March 3, 2008
Gaza: UK Media Reacts Against Israel
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Dear HonestReporting UK Subscriber,
The past few days of Israeli counter-terror operations in the Gaza Strip were bound to create a media frenzy and the UK press doesn't disappoint. HonestReporting has already released a Special Report explaining the context behind Israel's actions and offering talking points to use in responses to media bias. We strongly recommend reading this report to help you counter some of the anti-Israel reaction that appears in today's press.
Click here to view Special Report
Here, HR UK points out some of the worst examples:
The Guardian devotes a great deal of column inches to the Gaza story. Paying lip-service to what it terms "makeshift rockets," the paper completely avoids addressing the sheer number of missiles fired at southern Israel from Gaza or the suffering of the Israeli civilian population that has been under constant bombardment for the past several years.
To compound this, The Guardian notes the following, buried in one of its articles: "it [Hamas] has begun to launch a larger make of rockets with a longer range, enough to reach the Israeli city of Ashkelon, 11 miles away." Why has The Guardian failed to impress upon its readership the serious escalation that GRAD-type Katyusha missiles fired at a city of over 100,000 residents represents?
The 122 mm GRAD rockets are a type of standard military artillery weapon produced in the former Soviet bloc and by other states deploying non-Western arms. It is manufactured to military standards, by a conventional arms industry, and is equipped with a weapons-grade high explosive fragmentation warhead.
The Guardian then gives Azzam Tamimi op-ed space. Tamimi, an open supporter of Hamas and "martyrdom" deliberately downplays the Hamas rocket threat: "He [Olmert] might have been encouraged by the fact that, unlike Hizbullah in Lebanon, Hamas has no immediate regional backers and is less capable of confronting his troops. The rockets fired from Gaza are nothing compared with the missiles Hizbullah used in July 2006."
In fact, GRADS are also known as Katyushas - the same type of weapon fired at northern Israel by Hezbollah during the 2006 Lebanon War, possessing the same lethal capabilities. While denied by Tamimi, Hamas does have regional backers in the form of Iran and Syria, who have assisted the terrorist organisation to smuggle such upgraded weaponry into Gaza during the recent Egyptian border breach.
The Independent disgracefully and inaccurately compares Israeli operations with Serbian actions in Kosovo a decade ago that deliberately targeted civilians in what many defined as "ethnic cleansing".
In a fit of moral relativism and simplicity, the paper reduces the Gaza situation to one of mere statistics: "between 54 and 61 killed on the Palestinian side in a single day. On the other side, two dead, both soldiers. Can this be termed a fight?" The editorial continues with the extremely serious charge: "it might be thought Saturday's events in Gaza deserved to be termed a massacre."
Civilian casualties on any side of a conflict are tragic. Many headlines have concentrated on the high death toll of Palestinians during the fighting, which, sadly, has included a number of civilians. However, casualty statistics only tell part of the story:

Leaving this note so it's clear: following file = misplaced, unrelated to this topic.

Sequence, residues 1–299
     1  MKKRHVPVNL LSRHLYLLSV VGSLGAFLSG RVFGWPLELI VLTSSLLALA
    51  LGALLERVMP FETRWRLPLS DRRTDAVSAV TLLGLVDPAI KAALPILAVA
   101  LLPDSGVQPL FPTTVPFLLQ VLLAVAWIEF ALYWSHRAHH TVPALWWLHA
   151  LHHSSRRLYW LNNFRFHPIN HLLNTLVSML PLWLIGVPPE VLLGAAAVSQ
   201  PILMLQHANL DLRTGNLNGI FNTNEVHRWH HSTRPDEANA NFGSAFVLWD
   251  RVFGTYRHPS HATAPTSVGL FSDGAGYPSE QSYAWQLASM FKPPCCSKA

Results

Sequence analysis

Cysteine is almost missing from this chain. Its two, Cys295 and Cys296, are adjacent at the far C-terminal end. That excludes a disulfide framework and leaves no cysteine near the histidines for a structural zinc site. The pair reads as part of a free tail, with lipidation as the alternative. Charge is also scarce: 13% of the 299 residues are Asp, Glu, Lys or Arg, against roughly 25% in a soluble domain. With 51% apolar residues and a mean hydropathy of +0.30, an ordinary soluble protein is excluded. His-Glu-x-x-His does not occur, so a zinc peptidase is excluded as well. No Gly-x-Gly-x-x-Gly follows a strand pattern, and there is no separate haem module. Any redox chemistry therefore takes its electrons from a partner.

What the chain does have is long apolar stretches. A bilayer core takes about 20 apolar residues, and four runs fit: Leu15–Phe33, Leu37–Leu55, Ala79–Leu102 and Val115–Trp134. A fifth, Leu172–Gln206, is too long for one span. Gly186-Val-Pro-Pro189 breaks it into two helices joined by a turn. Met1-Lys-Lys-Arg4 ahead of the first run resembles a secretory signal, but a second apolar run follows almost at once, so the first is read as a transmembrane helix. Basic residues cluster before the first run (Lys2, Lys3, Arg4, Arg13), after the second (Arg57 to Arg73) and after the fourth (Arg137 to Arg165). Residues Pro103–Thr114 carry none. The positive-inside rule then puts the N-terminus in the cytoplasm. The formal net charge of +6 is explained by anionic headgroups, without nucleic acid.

Israel never intentionally targets civilians whereas Palestinian terrorists deliberately set out to kill innocents, celebrating hits against schools and kindergartens.
The vast majority of Palestinians killed during Israeli military operations were armed terrorists or those directly involved in firing missiles into Israeli towns and cities.
Hamas has exposed the Palestinian civilian population to risk by operating within and firing missiles from built-up areas, effectively using civilians as human shields.
The Sky News website demonstrates carelessness with language, stating that "Palestinian activists were killed in raids". The gross stupidity of this approach is aptly demonstrated on the same site's story of anti-EU protestors, also termed as "activists", climbing a crane above Parliament Square. Are these protestors really comparable with armed gunmen or rocket firing squads?
It is left to Con Coughlin, writing in The Daily Telegraph, to inject some common sense and context to the situation:
Unlike Hamas militants, who rejoice at the death of any Israeli, irrespective of whether they are civilian or military, ordinary Israelis feel much anguish over the loss of innocent Palestinian lives, as happened during the weekend's Israeli rocket attacks on suspected Hamas strongholds....
When Israel undertook its unilateral withdrawal from Gaza, in the summer of 2005, the overwhelming majority of Israelis were glad to see the back of the place, grateful that their sons and daughters would no longer have to endure the brutalising experience of being an army of occupation, and they have no desire to return.
But the increasing effectiveness and improved technological capability of the rockets at Hamas's disposal has left the Israelis with no option but to intervene militarily, albeit from the safety of their helicopter gunships.
Please read HonestReporting's Special Report for more talking points and respond to the above and other examples of skewed reporting of the Gaza conflict.
Send your considered comments to:
The Guardian - email@example.com
The Independent - firstname.lastname@example.org
Sky News - email@example.com
Click here for a detailed list of UK media contact details on HR UK's website.
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